DNA evidence links Gary Condit to Chandra Levy

EDITOR'S NOTE - This story contains sexual content that may offend some readers.

WASHINGTON – Semen stains found in Chandra Levy’s underwear matched former Modesto-area congressman Gary Condit’s DNA, an FBI examiner testified Wednesday.

The semen sample provided seemingly incontrovertible proof that Condit had a sexual relationship with Levy, which is something he has never publicly acknowledged. It did not, however, go far in solving the mystery of Levy’s 2001 death.

The pair of stained underwear, termed “panties” by Assistant U.S. Attorney Amanda Haines, was taken by investigators from Levy’s apartment shortly after she disappeared in May 2001. Levy’s skeletal remains, and some accompanying pieces of clothing, were not found until May 2002.

Prosecutors have already acknowledged they lack any DNA or other physical evidence connecting accused killer Ingmar Guandique to Levy’s death. On Wednesday, moreover, they had to acknowledge errors in how some evidence was processed in 2001. The errors forced investigators to retest certain items again in 2002

“Unfortunately, there was a problem with the biologist working with me,” FBI forensic examiner Alan Giusti said, adding that “she was not performing the tests according to our protocol.”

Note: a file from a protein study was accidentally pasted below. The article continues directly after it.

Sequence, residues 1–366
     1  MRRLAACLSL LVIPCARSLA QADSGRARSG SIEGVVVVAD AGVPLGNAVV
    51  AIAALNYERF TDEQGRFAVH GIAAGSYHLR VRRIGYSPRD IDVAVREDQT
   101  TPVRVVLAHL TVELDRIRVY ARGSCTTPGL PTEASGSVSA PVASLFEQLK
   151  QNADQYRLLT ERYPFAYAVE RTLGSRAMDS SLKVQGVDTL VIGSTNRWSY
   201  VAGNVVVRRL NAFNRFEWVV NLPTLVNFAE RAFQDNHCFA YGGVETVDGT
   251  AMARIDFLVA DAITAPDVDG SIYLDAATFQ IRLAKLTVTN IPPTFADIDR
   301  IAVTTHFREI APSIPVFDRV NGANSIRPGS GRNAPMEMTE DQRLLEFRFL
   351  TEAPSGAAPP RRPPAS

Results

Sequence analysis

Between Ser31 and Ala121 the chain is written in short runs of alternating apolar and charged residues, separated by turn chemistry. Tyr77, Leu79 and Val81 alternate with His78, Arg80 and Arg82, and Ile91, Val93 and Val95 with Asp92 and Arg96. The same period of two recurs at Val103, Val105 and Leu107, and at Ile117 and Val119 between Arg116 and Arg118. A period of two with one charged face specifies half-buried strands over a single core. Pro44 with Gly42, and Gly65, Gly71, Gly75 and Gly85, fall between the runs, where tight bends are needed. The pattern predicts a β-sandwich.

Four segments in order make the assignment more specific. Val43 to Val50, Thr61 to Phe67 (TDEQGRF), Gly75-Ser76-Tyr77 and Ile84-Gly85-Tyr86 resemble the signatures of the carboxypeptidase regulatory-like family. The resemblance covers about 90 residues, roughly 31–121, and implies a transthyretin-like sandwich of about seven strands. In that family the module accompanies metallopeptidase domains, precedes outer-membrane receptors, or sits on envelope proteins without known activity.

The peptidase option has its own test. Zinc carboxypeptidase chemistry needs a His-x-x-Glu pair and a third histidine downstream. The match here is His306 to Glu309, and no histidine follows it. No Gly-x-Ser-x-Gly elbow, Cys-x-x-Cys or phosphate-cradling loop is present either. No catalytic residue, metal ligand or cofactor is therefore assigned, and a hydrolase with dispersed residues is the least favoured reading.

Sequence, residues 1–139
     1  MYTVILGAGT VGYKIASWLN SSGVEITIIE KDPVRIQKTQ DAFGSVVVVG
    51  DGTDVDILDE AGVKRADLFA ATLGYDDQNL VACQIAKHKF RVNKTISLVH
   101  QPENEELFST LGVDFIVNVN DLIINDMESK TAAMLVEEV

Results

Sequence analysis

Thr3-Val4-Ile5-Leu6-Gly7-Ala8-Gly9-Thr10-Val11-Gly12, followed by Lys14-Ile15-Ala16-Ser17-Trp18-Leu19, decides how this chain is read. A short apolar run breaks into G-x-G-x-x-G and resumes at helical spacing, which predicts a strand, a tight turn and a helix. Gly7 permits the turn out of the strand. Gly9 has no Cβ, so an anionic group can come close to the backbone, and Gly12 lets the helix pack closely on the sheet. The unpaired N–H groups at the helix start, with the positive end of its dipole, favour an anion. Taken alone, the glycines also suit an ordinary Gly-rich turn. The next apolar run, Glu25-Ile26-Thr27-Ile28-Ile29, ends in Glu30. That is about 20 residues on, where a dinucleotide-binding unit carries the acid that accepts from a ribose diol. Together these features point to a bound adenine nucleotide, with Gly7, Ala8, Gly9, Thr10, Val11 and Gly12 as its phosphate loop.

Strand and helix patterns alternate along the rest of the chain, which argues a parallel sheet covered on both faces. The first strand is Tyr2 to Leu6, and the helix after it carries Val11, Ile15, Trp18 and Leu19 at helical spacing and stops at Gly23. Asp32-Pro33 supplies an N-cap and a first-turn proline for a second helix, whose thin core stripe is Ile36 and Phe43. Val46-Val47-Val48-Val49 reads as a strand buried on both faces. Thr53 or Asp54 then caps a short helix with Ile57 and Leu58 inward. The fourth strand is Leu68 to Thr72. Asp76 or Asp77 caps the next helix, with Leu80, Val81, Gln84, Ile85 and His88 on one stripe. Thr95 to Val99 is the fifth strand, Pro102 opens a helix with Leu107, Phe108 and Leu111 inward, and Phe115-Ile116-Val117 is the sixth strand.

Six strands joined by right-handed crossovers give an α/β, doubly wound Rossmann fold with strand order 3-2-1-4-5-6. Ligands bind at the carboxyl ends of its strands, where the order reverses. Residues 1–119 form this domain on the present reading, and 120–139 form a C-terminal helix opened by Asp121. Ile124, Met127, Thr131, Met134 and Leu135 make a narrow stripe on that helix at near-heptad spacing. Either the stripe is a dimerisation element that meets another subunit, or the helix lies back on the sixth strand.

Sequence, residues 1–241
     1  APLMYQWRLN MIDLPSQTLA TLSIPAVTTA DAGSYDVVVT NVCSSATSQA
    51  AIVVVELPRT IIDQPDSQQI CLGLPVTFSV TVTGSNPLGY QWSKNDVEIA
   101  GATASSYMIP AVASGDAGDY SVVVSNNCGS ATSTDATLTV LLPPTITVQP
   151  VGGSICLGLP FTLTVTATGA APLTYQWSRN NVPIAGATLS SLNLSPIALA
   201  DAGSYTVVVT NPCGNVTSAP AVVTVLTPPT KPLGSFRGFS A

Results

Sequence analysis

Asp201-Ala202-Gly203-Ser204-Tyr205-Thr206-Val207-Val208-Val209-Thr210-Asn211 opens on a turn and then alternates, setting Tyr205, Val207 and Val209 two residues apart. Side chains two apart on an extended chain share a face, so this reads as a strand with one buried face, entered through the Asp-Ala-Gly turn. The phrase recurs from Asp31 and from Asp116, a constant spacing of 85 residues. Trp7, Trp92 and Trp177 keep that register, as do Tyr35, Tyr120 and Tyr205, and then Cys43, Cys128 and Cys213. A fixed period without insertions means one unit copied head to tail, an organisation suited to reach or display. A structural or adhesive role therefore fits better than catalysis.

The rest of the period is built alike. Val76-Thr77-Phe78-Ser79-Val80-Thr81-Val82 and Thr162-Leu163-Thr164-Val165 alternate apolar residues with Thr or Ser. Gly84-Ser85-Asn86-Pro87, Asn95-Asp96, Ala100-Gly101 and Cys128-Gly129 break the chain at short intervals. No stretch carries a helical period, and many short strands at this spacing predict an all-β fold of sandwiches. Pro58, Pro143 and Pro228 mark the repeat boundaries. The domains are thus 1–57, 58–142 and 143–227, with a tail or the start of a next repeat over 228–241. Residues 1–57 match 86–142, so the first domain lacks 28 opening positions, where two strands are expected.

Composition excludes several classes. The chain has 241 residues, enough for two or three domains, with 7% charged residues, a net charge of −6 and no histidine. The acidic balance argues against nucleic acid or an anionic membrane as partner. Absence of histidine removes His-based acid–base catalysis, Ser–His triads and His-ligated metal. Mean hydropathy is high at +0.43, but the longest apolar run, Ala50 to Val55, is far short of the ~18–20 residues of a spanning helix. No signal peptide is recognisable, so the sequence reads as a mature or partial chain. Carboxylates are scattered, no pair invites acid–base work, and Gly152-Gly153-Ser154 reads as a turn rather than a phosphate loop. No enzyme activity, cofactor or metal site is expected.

Giusti did not elaborate further on the mistakes, although he was to face defense cross examination later Wednesday. The acknowledged FBI lab mistakes from 2001 added to a litany of early law enforcement errors that plagued the initial Levy investigation.

These errors included an intense but ultimately misguided focus on Condit as a potential suspect, Haines and law enforcement witnesses have said since the trial began Oct. 25. Condit testified last week, denying he had anything to do with Levy’s death but refusing to say whether he had an affair with the much-younger woman.

Condit “had an affair” with Levy, Haines told jurors at the start of the trial.

Guandique faces a potential sentence of life in prison, on charges that he killed Levy during an attempted sexual assault in Washington’s Rock Creek Park. Prosecutors say Guanidique killed Levy on May 1, 2001.

At the time, the 24-year-old Levy had finished graduate studies and a federal Bureau of Prisons internship. She was planning to return to California by Amtrak on May 5, according to evidence presented earlier.

A red bra found alongside Levy’s skeletal remains in Rock Creek Park in May 2002 was found on testing to have female DNA, but this turned out to be the DNA from a lab technician who was doing the testing.

Levy’s black tights, found at the crime scene with the legs knotted together, were found with two distinct DNA samples, examiners have testified. One belonged to a man, and the other belonged to an individual of indeterminate sex. Neither sample could be matched to a specific person, including Guandique.

“That DNA belongs to someone else,” defense attorney Maria Hawilo hammered home Wednesday, during cross examination.

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